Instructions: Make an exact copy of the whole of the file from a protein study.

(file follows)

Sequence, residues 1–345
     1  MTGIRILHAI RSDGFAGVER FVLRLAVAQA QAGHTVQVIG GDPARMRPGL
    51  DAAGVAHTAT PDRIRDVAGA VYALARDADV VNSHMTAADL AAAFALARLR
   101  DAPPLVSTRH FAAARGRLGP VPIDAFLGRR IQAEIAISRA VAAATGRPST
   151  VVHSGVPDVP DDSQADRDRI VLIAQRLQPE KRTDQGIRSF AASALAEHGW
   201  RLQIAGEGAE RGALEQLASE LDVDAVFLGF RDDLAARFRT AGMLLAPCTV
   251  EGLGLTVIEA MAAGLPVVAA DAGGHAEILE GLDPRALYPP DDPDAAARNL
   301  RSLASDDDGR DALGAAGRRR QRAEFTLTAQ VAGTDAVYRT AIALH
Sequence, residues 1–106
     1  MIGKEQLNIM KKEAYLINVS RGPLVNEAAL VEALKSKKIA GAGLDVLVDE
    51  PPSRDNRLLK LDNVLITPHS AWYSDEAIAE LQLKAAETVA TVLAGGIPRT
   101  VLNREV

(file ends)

Sequence, residues 1–345
     1  MTGIRILHAI RSDGFAGVER FVLRLAVAQA QAGHTVQVIG GDPARMRPGL
    51  DAAGVAHTAT PDRIRDVAGA VYALARDADV VNSHMTAADL AAAFALARLR
   101  DAPPLVSTRH FAAARGRLGP VPIDAFLGRR IQAEIAISRA VAAATGRPST
   151  VVHSGVPDVP DDSQADRDRI VLIAQRLQPE KRTDQGIRSF AASALAEHGW
   201  RLQIAGEGAE RGALEQLASE LDVDAVFLGF RDDLAARFRT AGMLLAPCTV
   251  EGLGLTVIEA MAAGLPVVAA DAGGHAEILE GLDPRALYPP DDPDAAARNL
   301  RSLASDDDGR DALGAAGRRR QRAEFTLTAQ VAGTDAVYRT AIALH
Sequence, residues 1–106
     1  MIGKEQLNIM KKEAYLINVS RGPLVNEAAL VEALKSKKIA GAGLDVLVDE
    51  PPSRDNRLLK LDNVLITPHS AWYSDEAIAE LQLKAAETVA TVLAGGIPRT
   101  VLNREV